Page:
Roger trains a few times and doesn’t come to matches, but he showers with everyone after the first couple of sessions and it quickly becomes apparent that his penis is enormous. It’s impossible for Sandy not to see it, a humbling thing that overpowers the changing room. Not only that, but Roger’s ears haven’t cauliflowered. They haven’t grafted, been brushed hard and warped since they were thirteen years old, rubbed against hard cotton shorts, men’s wet heads and thighs as if they weren’t needed. As if the mutilation cost nothing.

Sandy shakes Roger’s hand when he arrives. Roger has a firm grip, as all rugby men do. As all men who know their place do. Everyone who is comfortable in their own skin or wants their peers to know how solid their character is has an outstanding handshake. Sandy frets constantly about his handshaking, but he would never, ever, tell anyone. He works hard to connect right and keep his palms dry, and he’s careful not to hold on for too long. He’s sure he has the bastard down pat now. He’s a trier and always has been, and prides himself on attending to social expectations seriously.

Another training session passes, followed by the customary drinks, and lo and behold Roger is funny. He’s actually, genuinely hilarious. That night, Roger makes a bad taste joke about orphans working in sweatshops and when, camouflaged within the circle of pint holding men, Sandy doesn’t laugh quickly enough, says, “What’s up, dude? You look like I’ve just pissed on your nan,” which causes Tom, Ossie and the others to roar their appreciation. All Sandy can do is say “No, ha ha,” and furtively rue the decision to keep his smudged glasses on, wishing with all his might that he’d kept the lenses in so he’d at least look as handsome as possible whilst he made a show of taking the joke in his stride. Sandy chuckles and sinks the rest of his beer and thinks, at least I can do that. At least I can drink a full pint quickly when I have to. Let them all see that.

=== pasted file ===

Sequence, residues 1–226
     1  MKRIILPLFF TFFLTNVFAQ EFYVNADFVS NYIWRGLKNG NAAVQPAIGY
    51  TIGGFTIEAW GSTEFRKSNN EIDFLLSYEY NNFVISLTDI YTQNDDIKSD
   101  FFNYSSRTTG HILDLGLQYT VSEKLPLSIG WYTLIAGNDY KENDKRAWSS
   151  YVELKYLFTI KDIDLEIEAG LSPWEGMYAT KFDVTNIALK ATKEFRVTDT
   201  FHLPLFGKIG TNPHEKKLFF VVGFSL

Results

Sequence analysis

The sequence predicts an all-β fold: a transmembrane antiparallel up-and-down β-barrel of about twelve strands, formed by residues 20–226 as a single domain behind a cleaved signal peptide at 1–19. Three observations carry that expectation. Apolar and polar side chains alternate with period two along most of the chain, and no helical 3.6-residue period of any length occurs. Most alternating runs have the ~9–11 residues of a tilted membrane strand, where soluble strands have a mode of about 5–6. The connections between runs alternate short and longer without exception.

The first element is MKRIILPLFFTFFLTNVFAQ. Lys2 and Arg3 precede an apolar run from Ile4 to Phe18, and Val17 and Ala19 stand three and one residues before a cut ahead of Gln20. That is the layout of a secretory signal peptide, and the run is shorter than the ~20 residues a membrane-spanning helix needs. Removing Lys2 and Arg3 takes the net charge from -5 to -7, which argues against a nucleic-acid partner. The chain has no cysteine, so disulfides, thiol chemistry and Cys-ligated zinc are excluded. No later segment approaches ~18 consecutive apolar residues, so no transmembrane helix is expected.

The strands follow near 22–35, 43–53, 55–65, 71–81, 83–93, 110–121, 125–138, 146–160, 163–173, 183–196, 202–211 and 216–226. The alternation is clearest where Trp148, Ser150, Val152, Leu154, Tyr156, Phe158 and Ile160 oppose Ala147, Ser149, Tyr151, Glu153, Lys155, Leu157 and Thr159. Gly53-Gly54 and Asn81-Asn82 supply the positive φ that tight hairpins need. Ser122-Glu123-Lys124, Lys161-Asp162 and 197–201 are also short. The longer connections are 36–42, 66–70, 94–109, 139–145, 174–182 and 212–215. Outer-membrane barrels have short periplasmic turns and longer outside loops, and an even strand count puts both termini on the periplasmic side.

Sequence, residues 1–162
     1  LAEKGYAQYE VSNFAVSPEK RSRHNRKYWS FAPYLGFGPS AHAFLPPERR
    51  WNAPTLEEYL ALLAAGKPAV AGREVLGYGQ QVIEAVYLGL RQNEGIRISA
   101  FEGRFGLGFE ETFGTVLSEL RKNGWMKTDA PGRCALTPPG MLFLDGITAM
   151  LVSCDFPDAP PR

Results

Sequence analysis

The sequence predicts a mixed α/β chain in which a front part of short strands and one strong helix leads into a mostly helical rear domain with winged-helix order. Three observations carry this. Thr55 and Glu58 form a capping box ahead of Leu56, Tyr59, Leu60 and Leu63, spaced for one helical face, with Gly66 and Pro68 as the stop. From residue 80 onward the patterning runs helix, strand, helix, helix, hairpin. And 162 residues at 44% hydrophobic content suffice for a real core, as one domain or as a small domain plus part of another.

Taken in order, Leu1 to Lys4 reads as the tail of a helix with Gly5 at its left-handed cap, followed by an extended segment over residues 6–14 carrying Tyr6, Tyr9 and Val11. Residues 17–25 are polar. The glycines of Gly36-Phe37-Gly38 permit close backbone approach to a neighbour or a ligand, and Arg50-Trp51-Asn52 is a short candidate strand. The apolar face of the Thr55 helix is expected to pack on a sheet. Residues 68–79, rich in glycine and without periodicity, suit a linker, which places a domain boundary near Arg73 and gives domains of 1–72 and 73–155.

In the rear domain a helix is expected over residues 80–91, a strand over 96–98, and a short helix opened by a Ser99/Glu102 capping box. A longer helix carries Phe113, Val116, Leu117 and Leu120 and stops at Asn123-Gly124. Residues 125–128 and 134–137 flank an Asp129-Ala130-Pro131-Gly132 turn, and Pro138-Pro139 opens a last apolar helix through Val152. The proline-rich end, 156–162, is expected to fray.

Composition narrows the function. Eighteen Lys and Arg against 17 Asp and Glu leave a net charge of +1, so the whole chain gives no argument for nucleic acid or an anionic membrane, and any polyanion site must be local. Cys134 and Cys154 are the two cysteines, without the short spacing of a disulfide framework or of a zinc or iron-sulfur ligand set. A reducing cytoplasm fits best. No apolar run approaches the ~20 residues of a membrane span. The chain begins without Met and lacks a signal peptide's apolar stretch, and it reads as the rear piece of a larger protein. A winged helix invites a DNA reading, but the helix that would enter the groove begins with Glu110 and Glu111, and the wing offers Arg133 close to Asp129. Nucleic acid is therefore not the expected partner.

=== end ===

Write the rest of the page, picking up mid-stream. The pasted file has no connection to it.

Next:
Later still, February now, and Roger’s developed an even firmer build. Whereas it was initially doughy, with too much purchase around the waist, it’s now compacted in all areas and seems to glisten in the showers. Sandy has done well at hiding his curiosity and envy as time has dragged by and he ignores Roger as best he can, but it isn’t easy. Week in and week out he goes to training and bounces off that taut frame, then after the drunk drive home, enduring the curious metallic taste of blood in his mouth from chewing the inside of his cheek, arrives shambolically and heads not to his usual spot in front of the TV, but to the kitchen where he can be found staring deep into the light at the back of the fridge that he’s opened to fetch his dinner, in this case the last of the half-can of beans he put there the night before, seeing and feeling in the brightness a certain sense of displacement, a majestic coldness reflected.

Sandy looks at that fridge light calmly beaming at the back of the top shelf, and it becomes like the glow flashing between men’s legs in the scrum in summer in pre-season, only this light isn’t full of kinetic energy, it’s cold and it won’t budge. Sandy stares at this soft white texture and smiles, though he doesn’t feel it’s natural, for he’s consumed by warm thoughts of how things used to be, flashes of emotion that are interrupted by oblique visions of Roger, drying himself confidently in the changing room, his massive penis existing, taking over the world.